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I’ve been sharing what I’ve learned about Chef Compliance, and because it uses the InSpec framework, I want to start a little series on InSpec to gain a fuller understanding, appreciation for, and greater flexibility with Compliance.

It’s possible that you’re part of a company, perhaps without a dedicated security team, that uses Chef Compliance from within Chef Automate. And it’s possible that you’re totally content to run scans off of the premade CIS profiles and call it a day. That’s a huge selling point of Compliance. It couldn’t be easier!

In reality, however, the built-in Compliance profiles will get you to 80% of what you need, and then you’ll want to add or modify a bunch of other specific tests from the profiles to meet the other 20% of your needs. By the end of this series, I’ll know how to do it (because I’m learning as I go), and you will, too!

Today, we’re going to run through a really simple set up and run a Hello World test, just to get our feet wet. And don’t forget, InSpec was written with non-developer-types in mind! That’s actually the thing that attracted me getting started in my tech journey with InSpec and Compliance - because it’s totally approachable and the authors want it to be approachable.

By the end of this series, I suppose, I will have tested their intentions one way or another. And for full disclosure, Chef is not paying me for these posts, so you’re getting a truly unbiased opinion. My husband’s company is a customer of Chef’s which is what gave me the idea to delve into Compliance as a starting point.


Okay, enough about me, let’s open up some terminals and get started. If you already have the updated versions of Homebrew, Ruby, and InSpec, then skip ahead!

UPDATE: If you have the current ChefDK installed, skip down to Hello World Tutorial. Also, there are a few other installation options listed here.

Install Homebrew

Before I could install InSpec, I needed to have the latest version of Ruby installed. And before I could install the latest version of Ruby, I had to install Homebrew, the OS X package manager.

/usr/bin/ruby -e "$(curl -fsSL"

Update Ruby

Here’s what I ran for the Ruby update:

brew install rbenv ruby-build

# Add rbenv to bash so that it loads every time you open a terminal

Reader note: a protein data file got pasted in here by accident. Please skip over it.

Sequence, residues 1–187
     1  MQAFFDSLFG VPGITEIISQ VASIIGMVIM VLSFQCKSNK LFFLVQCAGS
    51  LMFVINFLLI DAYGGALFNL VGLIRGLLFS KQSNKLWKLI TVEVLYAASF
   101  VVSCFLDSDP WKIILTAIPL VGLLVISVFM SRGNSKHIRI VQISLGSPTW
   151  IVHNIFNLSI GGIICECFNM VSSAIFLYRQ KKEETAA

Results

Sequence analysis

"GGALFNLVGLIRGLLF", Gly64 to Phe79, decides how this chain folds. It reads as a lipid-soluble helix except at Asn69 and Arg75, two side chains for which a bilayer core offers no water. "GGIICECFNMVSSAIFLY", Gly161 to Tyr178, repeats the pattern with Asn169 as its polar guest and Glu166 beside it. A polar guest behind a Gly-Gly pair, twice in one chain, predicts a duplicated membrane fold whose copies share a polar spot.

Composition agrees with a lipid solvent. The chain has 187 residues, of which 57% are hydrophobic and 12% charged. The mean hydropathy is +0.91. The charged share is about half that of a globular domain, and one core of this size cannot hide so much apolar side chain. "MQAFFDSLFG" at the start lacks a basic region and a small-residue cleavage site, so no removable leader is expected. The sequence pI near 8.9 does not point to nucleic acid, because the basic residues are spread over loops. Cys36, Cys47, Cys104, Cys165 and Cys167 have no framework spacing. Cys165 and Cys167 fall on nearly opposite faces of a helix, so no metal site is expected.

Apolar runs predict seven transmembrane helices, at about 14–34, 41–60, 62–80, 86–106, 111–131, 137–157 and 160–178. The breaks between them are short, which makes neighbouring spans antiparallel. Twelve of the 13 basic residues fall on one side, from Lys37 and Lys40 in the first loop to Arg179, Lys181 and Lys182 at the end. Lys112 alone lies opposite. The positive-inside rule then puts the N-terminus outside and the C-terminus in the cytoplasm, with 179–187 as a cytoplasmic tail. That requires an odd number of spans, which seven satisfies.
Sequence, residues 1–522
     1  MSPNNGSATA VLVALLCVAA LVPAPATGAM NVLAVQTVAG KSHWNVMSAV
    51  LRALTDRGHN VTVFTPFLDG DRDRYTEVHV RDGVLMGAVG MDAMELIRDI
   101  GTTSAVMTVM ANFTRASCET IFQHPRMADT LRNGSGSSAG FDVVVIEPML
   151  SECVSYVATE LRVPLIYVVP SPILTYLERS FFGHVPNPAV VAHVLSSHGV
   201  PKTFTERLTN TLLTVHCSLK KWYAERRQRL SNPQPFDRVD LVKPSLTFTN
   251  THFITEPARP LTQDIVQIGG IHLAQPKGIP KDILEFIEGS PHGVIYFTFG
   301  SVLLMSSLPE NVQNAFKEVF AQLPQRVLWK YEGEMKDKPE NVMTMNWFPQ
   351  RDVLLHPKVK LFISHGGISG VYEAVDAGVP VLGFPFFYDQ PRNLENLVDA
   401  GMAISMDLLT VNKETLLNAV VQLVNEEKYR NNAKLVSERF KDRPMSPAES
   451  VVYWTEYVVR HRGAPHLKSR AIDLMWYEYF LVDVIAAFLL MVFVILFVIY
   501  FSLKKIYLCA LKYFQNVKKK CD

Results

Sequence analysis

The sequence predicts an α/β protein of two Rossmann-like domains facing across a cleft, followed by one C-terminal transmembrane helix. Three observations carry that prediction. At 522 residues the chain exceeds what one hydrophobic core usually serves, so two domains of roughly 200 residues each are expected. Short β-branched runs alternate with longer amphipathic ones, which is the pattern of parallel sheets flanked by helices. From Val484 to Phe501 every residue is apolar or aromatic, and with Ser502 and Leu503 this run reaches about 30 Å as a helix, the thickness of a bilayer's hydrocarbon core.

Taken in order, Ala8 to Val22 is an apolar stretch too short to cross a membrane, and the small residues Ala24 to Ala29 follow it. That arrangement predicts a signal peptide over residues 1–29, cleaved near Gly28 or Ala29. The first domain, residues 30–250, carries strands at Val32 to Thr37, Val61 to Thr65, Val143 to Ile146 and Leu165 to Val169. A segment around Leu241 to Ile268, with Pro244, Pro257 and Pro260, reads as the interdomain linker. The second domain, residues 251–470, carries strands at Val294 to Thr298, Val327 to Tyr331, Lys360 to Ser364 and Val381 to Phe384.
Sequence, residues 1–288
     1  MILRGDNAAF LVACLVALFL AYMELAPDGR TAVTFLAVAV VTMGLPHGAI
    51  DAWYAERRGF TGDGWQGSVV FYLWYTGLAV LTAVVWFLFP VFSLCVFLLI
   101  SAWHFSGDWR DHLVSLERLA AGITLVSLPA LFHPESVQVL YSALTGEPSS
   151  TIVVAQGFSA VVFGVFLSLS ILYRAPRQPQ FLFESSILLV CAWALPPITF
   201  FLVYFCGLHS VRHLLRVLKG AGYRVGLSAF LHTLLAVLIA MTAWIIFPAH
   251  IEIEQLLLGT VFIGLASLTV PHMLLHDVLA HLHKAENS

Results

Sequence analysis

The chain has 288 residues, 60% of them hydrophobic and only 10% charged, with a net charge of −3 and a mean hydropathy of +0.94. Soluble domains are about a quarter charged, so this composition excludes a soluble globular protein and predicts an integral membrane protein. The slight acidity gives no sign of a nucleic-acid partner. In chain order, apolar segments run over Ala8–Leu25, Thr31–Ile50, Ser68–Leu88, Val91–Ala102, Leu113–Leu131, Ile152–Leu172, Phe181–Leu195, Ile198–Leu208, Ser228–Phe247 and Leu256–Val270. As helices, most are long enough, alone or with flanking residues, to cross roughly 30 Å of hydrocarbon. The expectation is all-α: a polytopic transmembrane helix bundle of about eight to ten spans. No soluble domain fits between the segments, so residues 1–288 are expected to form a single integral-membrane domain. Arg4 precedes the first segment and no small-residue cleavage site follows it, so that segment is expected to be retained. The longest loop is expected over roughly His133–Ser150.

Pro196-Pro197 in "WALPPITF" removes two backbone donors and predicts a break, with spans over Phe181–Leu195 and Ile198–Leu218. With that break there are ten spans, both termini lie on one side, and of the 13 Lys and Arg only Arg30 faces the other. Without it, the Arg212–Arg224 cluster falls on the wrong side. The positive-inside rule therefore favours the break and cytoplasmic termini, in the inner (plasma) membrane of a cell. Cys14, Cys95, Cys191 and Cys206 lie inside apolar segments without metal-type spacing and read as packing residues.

echo 'if which rbenv > /dev/null; then eval "$(rbenv init -)"; fi' >> ~/.bash_profile
source ~/.bash_profile

rbenv install 2.3.0
rbenv global 2.3.0

Close terminal and reopen.

ruby -v

So now do you have the latest version of Ruby 2.3.0?? It’ll say after you run that last command.

Installing InSpec

Now we’re on to the good stuff. Let’s install InSpec:

UPDATE: It’s preferable to use the InSpec that comes with the ChefDK, but if you’re not using ChefDK otherwise, feel free to use the standalone version of InSpec. They do update it more often. Again, here are the other installation options.

gem install inspec

Just to be sure everything went according to plan, run inspec, and you should see something that looks like a command menu. So now we’re all updated, and we’re ready to get started.

Hello World Tutorial

First, we’re going to create a file with some text in it. Then we’re going to make a test to look for other text in the file, setting ourselves up for failure. Then we’ll add the correct text so that we can redeem ourselves. So here we go…

Create a file to test

  • Create a folder and open it in your text editor. (I’m using Visual Studio Code.)
  • In that folder, create a file called hello.txt.
  • In that file, type the text “Goodnight Moon”. (Don’t forget to save - gets me every time.)

Create the test

  • Create a file in that same folder called hello_spec.rb.
  • In that file we’re going to create a control with a file resource having a content matcher ‘Hello World!’ in it. In other words, this file is going to check and see if the other file has any text in it that matches ‘Hello World’.
control "world-1.0" do                                # A unique ID for this control
  impact 1.0                                          # Just how critical is
  title "Hello World"                                 # Readable by a human
  desc "Text should include the words 'hello world'." # Optional description
  describe file('hello.txt') do                       # The actual test
   its('content') { should match 'Hello World' }      # You could just do the "describe file" block if you want. The  
  end                                                 # rest is just metadata, but it's a good habit to get into.

The failed test

  • Now go to that folder in your terminal, and let’s run the command.

inspec exec hello_spec.rb

  • Yay! We failed!

Make up test

Okay, so you probably don’t like failure any more than I do, so let’s edit that text file so that we pass.

  • Add the text “Hello World!” to the hello.txt file.

  • Now let’s go back to our terminal and rerun inspec exec hello_spec.rb and see what happens.

  • We passed! Yay!

Concluding Thoughts

Doing this little exercise helped me to get my mind around what Chef Compliance does at a very basic level. I really like how clear and concise the framework is. In later posts, however, I’ll tell you where I’ve been tripped up and how I got around that. At its core, however, I think that it’s within my grasp; I just need to study up on some more basics.

Go to Day 2: Command Resource

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Annie Hedgpeth



Annie Hedgpeth

DevOps Engineer committed to growth and community

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